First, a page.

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  • George Sims

    I wondered whether anyone here had read William Fishman's recent book, Into the Abyss: The Life and Work of George R. Sims:

  • #2
    Jonathan Hainsworth kindly directed me towards two of Sims's columns in the Referee which aren't included in the collection in the press section.

    The first is from 22 February 1891:
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    • #3
      The second is from 17 April 1910:
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      • #4
        Thanks Chris

        Dear Chris

        I want to pubicly thank you, so much, for tracking down these Dagonet-George Sims' pieces, which also help fill in the gaps of Mac's machinations over what he believed was the solution to the mystery.

        The first piece from 1891 shows that Sims' skepticism about Tom Sadler being the Ripper was ahead of the constabulary's eventual [and reluctant] opinion.

        But what it is also confirms is that Sims had no notion -- as yet -- of the 'drowned doctor' alleged solution.

        By 1891 Sims was already a Liberal-Radical celebrity who was chums with an affable Tory, Chief Constable Melville Macnaghten. The latter also loved the theatre and boxing (and both would be fellow members of a gentleman's Crimes Club).

        Furtehrmore, Sims certainly has no sense of the 'canonical-five' and even reaches back before 1888 to another murder allegedly by 'Jack' (eg. the Bedford-Square Mystery of Christmas 1887).

        At some point between this piece, and his 1899 one denouncing a dotty Vicar for daring to suggest that 'Jack' had time to make a confession to a priest, Sims had been informed by Macnaghten that the mystery was practically solved before the Coles murder and the arrest of Sadler.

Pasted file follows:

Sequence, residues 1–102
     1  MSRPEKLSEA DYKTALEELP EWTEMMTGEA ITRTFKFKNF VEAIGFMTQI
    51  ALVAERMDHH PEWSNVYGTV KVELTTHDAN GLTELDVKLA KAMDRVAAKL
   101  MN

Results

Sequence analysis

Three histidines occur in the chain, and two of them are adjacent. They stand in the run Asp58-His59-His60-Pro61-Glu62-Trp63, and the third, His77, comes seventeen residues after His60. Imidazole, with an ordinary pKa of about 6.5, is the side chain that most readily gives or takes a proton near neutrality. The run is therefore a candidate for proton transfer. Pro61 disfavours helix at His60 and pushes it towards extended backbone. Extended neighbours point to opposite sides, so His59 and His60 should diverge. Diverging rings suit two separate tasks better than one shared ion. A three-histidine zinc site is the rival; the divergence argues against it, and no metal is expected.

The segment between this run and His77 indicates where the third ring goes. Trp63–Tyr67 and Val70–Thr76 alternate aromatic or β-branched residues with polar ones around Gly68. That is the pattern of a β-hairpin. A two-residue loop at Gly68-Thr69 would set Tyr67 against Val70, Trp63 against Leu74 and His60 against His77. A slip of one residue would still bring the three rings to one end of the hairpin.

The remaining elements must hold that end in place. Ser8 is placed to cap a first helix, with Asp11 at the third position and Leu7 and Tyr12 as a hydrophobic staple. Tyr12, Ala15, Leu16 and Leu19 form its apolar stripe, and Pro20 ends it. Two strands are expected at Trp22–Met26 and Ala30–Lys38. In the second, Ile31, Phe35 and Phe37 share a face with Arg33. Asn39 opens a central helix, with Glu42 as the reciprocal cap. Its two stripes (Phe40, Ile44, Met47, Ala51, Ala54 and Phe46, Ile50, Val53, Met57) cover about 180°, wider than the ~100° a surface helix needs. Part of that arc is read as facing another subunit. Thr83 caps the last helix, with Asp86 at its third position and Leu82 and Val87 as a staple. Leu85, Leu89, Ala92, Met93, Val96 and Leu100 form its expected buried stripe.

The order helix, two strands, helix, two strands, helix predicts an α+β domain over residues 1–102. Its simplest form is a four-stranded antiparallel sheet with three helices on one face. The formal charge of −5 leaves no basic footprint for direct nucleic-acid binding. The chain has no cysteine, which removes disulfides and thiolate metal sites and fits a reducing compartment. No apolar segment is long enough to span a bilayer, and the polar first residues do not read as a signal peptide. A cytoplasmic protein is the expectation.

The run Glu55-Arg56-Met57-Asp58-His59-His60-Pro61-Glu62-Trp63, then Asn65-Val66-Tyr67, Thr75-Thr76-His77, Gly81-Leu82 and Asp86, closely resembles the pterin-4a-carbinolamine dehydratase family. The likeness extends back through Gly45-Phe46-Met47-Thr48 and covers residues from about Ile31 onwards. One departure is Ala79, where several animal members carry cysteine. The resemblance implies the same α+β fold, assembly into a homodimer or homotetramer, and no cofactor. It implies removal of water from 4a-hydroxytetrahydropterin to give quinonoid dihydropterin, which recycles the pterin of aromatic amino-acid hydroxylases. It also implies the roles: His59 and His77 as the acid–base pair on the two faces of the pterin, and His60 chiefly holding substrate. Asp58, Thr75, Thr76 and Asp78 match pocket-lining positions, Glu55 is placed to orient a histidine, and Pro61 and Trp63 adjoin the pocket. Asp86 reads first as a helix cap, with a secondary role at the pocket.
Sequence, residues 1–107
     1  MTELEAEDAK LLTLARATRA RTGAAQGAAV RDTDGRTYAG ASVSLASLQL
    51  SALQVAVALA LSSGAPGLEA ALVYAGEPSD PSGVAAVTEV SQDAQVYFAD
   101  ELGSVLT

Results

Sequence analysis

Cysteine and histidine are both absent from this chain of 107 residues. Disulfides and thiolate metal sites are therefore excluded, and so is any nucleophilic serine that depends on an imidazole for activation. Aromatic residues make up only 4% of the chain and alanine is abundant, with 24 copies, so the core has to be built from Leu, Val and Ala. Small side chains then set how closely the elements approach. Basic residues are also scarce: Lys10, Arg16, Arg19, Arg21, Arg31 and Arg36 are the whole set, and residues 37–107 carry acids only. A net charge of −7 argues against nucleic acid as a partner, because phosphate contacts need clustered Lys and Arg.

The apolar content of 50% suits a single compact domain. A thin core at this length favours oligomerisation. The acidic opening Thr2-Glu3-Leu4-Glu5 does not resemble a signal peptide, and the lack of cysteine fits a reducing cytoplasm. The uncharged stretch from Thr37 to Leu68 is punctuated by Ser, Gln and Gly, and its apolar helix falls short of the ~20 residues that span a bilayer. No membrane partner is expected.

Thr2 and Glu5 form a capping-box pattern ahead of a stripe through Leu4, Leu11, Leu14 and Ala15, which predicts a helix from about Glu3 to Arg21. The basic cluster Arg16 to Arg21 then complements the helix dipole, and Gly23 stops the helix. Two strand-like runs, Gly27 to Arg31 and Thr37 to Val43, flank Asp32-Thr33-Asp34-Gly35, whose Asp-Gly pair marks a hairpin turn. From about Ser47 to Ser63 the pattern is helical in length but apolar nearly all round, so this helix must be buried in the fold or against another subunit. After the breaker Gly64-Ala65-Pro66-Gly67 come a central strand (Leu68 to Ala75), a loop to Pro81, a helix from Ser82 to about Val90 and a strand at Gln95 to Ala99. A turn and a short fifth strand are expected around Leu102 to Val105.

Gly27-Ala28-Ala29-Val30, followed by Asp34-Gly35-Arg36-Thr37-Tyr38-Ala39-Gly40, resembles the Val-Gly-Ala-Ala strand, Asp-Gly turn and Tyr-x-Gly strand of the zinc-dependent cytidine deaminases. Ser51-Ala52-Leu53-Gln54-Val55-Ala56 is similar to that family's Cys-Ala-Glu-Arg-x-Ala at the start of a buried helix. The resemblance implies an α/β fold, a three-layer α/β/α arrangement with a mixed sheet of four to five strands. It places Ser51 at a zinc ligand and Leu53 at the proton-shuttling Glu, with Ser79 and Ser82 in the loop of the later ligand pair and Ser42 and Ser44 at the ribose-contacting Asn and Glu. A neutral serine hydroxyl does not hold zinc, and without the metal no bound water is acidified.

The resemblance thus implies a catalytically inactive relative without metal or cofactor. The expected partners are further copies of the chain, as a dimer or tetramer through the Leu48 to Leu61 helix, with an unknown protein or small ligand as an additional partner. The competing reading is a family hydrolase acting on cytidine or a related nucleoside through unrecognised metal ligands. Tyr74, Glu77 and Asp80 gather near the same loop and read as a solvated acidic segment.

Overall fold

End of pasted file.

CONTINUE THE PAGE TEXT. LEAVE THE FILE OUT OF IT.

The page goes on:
Jaw-droppingly, that it had been allegedly solved even before the 'mad doctor' drowned himself in the Thames; he was about to be arrested between the Kelly murder and his rotting corpse being fished from the river.

        Did Sims actually believe this [instituioinally] self-serving and unlikely 'shilling shocker' which must have been hustled to him by good ol' Mac?

        William Le Queux, a right-wing best-selling alarmist, bluntly dismissed this 'scoop' as a police 'excuse' shoehorned back into 1888 -- and the flamboyant jingoist is correct.

        Perhaps Sims did not believe and was 'in on it' with his seductive, boyish police pal.

        Or, Sims fell for this hook-line, and sinker because -- as the second extraordinary piece retrieved by Chris shows -- that the famous writer-criminolgist put so much weight in a definitive document of state: a 'Home Office Report'.

        Twice in his previous press spat with Abberline, Sims had referred to this allegedly definitive text, and he had even outed 'the Commissioner' as it's unimpeachable author (but did not make it clear that he meant the Assistant Commissioner-CID of 1903: Macnaghten).

        Here Sims writes in 1910 in his scathing denuncciation of Anderson's memoir revelations and claims about the Polish Jew suspect: